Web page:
To be clear, Jesus of Nazareth was (from a Whiteheadian process perspective) fully human.  But, as John B. Conn, Jr. and David Ray Griffin indicate, this limits the attention we may pay to this itinerant preacher:  “We need to clarify how, as a fully human person, Jesus could nevertheless, speak and act in God’s behalf and address us, even today, with authority” (John B. Cobb, Jr. and David Ray Griffin, Process Theology:  An Introductory Exposition 1976, 106).  The Divine was thus present — incarnate — within the human person of Jesus of Nazareth almost 2,000 years ago; and, “he humbled himself, becoming obedient to death, even death on a cross.  Because of this, God greatly exalted him and bestowed on him the name that is above every name” (Philippians 2: 8 – 9).

Preaching the Texts: As a child I was gifted a children’s edition of the New International Version translation of the Hebrew Bible and New Testament.  As I recall, it may even have been a Baptismal gift from family friends. Regardless, the text was remarkably abridged, hitting the highlights:  segments of Genesis, Exodus, Judges, Chronicles, and the like—the dark segments were omitted. I can recall reading a selection of the Psalms, as well as Proverbs; the New Testament was a compilation of the four canonical Gospels, Acts, and a few of the Epistles, concluding with the end of Revelation.  I read it every night, beginning to end, for almost ten years, up until I left for college and entrance into Formation for the Roman Catholic priesthood.

I have since gifted this bible to my nephew.  I mention this particular bible because it was filled with beautiful illustrations, and there was one which is apropos of today’s readings:  in the New Testament, Jesus is depicted as entering Jerusalem upon a colt, while the people of the city fan with palms and lay their cloaks upon the ground — I was always struck by one man who, while many others had looks of reverence, wore a face which said, “What are they doing?”  It was not unlike how I imagine the faces of the bystanders of Mark 11:5. In the event of any brief sermon at this Liturgy, this personal narrative could be a point-of-departure. Can you imagine being the one person who does not know what is going-on? How often have we experienced such a state in our everyday lives, when others around us seem to know more than us?  This is not the only possibility.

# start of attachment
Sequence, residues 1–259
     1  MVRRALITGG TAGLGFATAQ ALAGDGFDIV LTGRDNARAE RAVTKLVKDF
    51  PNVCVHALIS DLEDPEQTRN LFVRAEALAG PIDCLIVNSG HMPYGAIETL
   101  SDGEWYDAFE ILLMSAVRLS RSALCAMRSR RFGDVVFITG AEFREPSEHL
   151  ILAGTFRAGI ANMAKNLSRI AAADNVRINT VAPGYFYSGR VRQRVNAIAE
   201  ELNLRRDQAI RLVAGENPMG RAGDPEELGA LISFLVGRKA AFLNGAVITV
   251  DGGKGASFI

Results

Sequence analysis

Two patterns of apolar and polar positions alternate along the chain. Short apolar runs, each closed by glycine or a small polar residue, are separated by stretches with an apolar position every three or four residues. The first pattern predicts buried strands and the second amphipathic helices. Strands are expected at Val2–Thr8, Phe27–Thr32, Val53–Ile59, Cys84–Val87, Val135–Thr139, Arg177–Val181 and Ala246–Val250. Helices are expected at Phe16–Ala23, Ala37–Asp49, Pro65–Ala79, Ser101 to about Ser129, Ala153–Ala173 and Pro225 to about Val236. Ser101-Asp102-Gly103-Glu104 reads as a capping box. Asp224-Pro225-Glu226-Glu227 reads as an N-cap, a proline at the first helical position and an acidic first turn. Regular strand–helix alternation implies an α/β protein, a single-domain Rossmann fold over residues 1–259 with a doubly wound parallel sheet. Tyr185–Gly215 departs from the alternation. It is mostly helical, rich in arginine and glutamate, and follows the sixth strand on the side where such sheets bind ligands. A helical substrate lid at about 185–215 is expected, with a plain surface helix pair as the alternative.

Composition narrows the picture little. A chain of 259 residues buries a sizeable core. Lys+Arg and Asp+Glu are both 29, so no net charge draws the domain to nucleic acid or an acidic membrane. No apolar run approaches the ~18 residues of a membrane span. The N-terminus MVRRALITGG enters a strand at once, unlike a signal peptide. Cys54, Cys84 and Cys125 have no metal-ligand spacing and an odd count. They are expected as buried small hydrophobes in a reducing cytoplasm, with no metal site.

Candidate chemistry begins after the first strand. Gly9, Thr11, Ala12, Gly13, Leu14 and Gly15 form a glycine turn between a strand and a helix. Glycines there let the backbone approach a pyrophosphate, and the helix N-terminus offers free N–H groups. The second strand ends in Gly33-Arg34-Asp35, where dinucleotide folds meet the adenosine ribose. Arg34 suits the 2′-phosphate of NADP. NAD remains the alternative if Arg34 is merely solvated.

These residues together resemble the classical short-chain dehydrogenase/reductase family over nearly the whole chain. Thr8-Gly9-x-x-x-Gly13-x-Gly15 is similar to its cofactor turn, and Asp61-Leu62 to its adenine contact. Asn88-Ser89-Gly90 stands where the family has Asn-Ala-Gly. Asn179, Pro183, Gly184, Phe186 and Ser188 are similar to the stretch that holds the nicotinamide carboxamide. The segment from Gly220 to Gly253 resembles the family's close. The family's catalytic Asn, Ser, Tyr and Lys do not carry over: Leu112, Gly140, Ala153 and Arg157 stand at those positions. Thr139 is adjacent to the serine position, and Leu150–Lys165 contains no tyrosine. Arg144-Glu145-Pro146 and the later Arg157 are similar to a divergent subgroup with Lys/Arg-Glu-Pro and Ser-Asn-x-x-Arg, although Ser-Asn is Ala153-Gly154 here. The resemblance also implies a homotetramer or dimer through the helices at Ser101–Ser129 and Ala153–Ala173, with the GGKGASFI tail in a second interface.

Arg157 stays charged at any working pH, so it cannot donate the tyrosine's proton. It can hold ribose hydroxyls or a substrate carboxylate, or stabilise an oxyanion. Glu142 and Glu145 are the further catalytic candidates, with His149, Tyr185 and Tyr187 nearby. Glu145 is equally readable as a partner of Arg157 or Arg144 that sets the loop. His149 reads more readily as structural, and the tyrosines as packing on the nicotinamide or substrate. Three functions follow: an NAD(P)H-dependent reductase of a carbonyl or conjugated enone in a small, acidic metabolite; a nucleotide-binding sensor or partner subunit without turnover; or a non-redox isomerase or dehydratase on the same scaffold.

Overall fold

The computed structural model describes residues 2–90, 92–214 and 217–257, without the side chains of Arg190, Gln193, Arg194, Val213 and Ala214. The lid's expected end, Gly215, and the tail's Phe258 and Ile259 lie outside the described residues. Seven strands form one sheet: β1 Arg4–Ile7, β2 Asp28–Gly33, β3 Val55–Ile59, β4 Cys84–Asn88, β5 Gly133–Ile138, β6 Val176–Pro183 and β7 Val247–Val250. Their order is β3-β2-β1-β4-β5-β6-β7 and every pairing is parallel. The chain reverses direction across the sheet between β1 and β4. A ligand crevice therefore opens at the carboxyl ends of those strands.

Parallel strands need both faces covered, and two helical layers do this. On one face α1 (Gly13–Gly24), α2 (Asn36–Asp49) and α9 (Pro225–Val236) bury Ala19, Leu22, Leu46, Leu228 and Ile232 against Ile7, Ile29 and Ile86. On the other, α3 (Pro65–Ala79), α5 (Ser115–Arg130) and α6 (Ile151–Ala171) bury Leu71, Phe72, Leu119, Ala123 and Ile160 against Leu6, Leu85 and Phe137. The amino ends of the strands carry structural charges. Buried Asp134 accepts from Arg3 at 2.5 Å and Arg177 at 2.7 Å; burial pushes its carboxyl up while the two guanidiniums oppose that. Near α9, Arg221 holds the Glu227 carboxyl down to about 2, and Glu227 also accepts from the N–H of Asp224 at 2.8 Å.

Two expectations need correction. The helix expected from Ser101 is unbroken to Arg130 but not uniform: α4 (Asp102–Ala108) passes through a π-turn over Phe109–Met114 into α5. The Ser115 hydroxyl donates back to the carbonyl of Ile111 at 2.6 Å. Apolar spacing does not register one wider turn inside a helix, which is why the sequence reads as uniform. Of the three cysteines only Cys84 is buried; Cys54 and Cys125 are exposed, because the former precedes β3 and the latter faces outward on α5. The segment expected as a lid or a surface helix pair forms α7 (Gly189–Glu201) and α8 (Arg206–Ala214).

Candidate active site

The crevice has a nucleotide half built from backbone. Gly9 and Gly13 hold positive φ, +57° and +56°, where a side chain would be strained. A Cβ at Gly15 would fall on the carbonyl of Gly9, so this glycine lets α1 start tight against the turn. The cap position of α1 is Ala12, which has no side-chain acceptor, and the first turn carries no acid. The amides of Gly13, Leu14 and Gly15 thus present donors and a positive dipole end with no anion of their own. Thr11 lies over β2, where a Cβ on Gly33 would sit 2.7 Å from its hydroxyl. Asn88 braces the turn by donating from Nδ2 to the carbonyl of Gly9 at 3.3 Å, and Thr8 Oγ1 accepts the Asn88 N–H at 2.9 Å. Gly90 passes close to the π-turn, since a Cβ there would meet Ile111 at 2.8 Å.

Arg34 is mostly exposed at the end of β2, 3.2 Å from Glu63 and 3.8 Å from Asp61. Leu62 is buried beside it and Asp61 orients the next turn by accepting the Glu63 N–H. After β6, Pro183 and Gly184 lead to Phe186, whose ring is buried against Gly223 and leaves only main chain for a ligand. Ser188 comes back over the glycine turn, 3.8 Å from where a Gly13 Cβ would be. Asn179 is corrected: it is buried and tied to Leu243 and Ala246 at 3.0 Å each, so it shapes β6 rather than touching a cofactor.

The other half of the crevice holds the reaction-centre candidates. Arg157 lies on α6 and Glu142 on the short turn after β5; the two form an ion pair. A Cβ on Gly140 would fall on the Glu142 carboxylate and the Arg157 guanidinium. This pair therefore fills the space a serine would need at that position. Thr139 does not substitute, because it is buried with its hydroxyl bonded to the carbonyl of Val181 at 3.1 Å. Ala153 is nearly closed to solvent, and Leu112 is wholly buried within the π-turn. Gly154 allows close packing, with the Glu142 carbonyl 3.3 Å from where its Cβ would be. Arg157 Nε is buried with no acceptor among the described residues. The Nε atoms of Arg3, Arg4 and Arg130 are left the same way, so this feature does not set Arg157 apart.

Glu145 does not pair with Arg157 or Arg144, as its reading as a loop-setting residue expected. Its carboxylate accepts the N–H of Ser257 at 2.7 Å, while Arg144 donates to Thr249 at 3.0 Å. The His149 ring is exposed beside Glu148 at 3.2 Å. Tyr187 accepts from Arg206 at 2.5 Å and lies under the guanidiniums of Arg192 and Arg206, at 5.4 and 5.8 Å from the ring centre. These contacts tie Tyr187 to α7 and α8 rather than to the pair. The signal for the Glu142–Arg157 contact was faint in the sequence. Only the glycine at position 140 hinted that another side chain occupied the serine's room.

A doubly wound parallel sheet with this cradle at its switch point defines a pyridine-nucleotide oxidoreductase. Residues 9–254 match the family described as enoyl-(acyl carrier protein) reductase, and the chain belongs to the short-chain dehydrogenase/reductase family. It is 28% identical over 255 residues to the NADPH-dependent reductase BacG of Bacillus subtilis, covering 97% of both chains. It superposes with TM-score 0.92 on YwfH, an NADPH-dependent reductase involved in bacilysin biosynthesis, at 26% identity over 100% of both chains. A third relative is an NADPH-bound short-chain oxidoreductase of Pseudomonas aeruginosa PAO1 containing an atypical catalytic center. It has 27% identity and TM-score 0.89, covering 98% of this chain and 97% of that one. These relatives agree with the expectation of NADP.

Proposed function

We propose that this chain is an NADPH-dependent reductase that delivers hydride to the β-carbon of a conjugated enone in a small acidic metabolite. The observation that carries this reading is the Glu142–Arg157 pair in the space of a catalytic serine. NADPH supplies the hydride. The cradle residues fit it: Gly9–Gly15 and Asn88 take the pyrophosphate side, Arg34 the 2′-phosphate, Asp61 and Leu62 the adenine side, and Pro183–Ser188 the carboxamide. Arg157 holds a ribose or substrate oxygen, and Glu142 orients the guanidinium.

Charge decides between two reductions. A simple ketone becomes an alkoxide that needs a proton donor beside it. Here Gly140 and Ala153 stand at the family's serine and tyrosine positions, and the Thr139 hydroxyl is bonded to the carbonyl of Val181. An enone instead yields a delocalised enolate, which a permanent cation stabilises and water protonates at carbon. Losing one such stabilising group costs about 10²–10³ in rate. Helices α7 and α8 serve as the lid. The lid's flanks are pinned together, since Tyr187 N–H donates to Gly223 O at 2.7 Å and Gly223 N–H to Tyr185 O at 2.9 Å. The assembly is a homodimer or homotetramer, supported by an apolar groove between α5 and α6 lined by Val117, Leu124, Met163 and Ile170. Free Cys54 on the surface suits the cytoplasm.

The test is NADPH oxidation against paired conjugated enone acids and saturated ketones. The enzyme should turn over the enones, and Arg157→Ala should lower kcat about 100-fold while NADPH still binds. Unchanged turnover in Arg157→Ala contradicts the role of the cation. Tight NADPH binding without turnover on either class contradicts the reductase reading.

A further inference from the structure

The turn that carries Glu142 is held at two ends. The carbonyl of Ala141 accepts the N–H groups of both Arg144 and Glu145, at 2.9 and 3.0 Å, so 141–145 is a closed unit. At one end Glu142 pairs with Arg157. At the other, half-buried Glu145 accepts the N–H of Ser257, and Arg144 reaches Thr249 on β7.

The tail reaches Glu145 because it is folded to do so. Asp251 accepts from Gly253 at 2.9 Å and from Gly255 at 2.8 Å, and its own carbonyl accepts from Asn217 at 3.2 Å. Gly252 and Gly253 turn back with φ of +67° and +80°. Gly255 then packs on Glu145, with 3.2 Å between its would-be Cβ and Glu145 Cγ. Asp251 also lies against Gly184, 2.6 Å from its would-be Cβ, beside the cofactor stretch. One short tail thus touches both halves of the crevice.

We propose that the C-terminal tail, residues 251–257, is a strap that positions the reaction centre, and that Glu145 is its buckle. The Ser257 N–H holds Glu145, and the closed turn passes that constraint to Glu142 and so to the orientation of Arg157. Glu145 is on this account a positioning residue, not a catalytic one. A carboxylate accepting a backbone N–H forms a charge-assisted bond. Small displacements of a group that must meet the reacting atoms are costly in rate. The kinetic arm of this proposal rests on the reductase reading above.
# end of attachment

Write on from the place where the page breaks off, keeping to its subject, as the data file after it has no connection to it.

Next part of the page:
Consider again the man I mentioned from my children’s bible:  appearing near the foreground of the illustration, he is holding the hem of a cloak which is laying upon the ground, and upon his face is the look of one bemused.  As he is here holding the cloak, the colt upon which Jesus rides is preparing to set foot upon the further hem. Perhaps he is thinking, “Why did I let them talk me into this?”; or, “And this was my best cloak!”  Either of these thoughts could be reasonable, given that a colt whose hoof is indubitably dirty is preparing to dig into the hem of the cloak he is holding (presumably this man’s cloak).  From a traditional perspective, we may think of this man as being betwixt Cain and Able: where the latter gave a portion from his produce, the latter gave the best of his herd to God (Genesis 4:3 – 5); and this man in Jerusalem is potentially offering his best cloak, though reservedly.  Do we do this in our own lives?